The characteristics of this style, embedded in its digital medium, are the subject of speculation equal to that of the effects of the medium on “traditional” writing. Special “mechanics” distinguish this new style, and these lexical characteristics which reflect the degree of orality embedded in the medium are encoded both for visual prominence and lexical conciseness, raising the prominence of one and attenuating the other, an increasingly evident observation:
The oral conventions are evident in the way people subvert or abandon traditional conventions of grammar and punctuation in electronic writing. Meaning is very often conveyed by cues recognized only by users of computer-mediated communication. Some examples are acronyms like BTW (by the way) and IMO (in my opinion), and specialized use of typography — for example, *word* to signify italics and the use of nonverbal icons or emoticons like a smiley face 🙂 — which differ from traditionally recognized textual cues.5
Another relation justifies the popular belief in significant differences between oral, written, and online modes of communication: the production of digital textuality in relation to the principle of commitment. To consider the conditions of speech is to accept evanescent, improvisatory modes of expression projected literally into the air. Everything more or less spontaneous in this sense is captured within the notion of the utterance. To produce writing, on the other hand, is to engage in preparatory organizational work and editing prior to “committing” expression to paper, its natural chosen medium. We could take these practices as two ends of a spectrum, and see in electronic writing a middle ground with sufficient latitude to draw arbitrarily from each pole. Here, any resemblance to print text emerges from the common lexical nature of both: words uniformly arranged on a visual medium. The contrast however, is equally significant, for, as with air, the digital medium is highly unstable and fleeting, and its production is sufficiently simple that textual operations based on structural organization, prewriting, and detailed editing are anathema to its aleatory affordances, regardless of other distinctions within the medium, for instance whether the genre in question is transmitted synchronously (e.g., chatrooms) or not (e.g., e-mail, mailing lists, newsgroups, and discussion groups). In conventional writing, the author generally writes to make a point. But in digital conversational writing online authors may pursue another purpose, since the style of this writing appears structured so as to reflect the social network in which the authors are participating.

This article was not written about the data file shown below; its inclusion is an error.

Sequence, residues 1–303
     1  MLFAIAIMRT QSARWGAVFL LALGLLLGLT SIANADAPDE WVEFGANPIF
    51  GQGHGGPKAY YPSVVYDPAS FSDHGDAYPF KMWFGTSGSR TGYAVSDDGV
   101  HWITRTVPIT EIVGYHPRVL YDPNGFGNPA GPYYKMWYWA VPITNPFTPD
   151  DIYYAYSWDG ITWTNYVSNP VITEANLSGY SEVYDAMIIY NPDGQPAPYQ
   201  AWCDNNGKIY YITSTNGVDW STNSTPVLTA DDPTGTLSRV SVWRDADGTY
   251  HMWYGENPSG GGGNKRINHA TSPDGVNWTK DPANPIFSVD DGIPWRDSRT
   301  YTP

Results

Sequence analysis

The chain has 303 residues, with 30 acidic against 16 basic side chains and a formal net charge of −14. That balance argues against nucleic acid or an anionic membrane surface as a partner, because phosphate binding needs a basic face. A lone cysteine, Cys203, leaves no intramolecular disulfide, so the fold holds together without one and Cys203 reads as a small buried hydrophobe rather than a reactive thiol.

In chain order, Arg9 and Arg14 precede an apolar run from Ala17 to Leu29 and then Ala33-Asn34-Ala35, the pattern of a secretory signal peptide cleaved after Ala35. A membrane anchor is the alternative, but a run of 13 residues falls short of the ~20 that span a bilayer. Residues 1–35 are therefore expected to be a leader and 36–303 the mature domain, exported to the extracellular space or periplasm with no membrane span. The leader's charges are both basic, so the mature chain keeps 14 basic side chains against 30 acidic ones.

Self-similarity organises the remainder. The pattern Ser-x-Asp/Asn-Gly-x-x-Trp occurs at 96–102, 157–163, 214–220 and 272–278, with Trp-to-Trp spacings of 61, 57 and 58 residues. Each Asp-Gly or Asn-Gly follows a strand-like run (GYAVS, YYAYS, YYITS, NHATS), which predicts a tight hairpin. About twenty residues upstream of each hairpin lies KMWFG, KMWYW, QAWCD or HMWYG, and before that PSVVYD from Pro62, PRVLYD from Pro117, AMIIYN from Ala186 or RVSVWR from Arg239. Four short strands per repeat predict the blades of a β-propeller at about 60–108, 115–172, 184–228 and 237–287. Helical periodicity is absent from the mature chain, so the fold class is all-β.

Judging from what others have observed in this regard, a special relationship between physicality and orality holds, the lack of the former being compensated by the latter, both because the lack of another means of communicating introduces non-verbal communication into a predominantly textual medium and because networked users, interacting in large numbers, can experience many kinds of interaction almost simultaneously. Here a nexus of language is superimposed on one of populace, a two-dimensional grid of continuous interaction: optimizations to the traditional model of expository text are essential. In defining the notion of virtual community, Rheingold refers indirectly to the displacement of presence by expression, when, pondering both the breadth of collective contact and the demand for using language in the absence of material presence to assist in those relationships, he remarks that people in virtual communities continually
exchange pleasantries and argue, engage in intellectual discourse, conduct commerce, exchange knowledge, share emotional support, make plans, brainstorm, gossip, feud, fall in love, find friends and lose them, play games, flirt, create a little high art and a lot of idle talk. People in virtual communities do just about everything people do in real life, but we leave our bodies behind.10
We might conclude altogether that the more one looks into conversational writing, the less it resembles traditional text, in purpose or structure. The speed and quantity of messages (again, emphasizing points rather than topics) almost compels a new definition for its medium-specific functions, and one can understand the rationale for assertions like Ferris’s “computer users often treat electronic writing as an oral medium: communication is often fragmented, computer-mediated communication is used for phatic communion, and formulaic devices have arisen” or Murray’s classification of such writing as comprising a “language of action”.9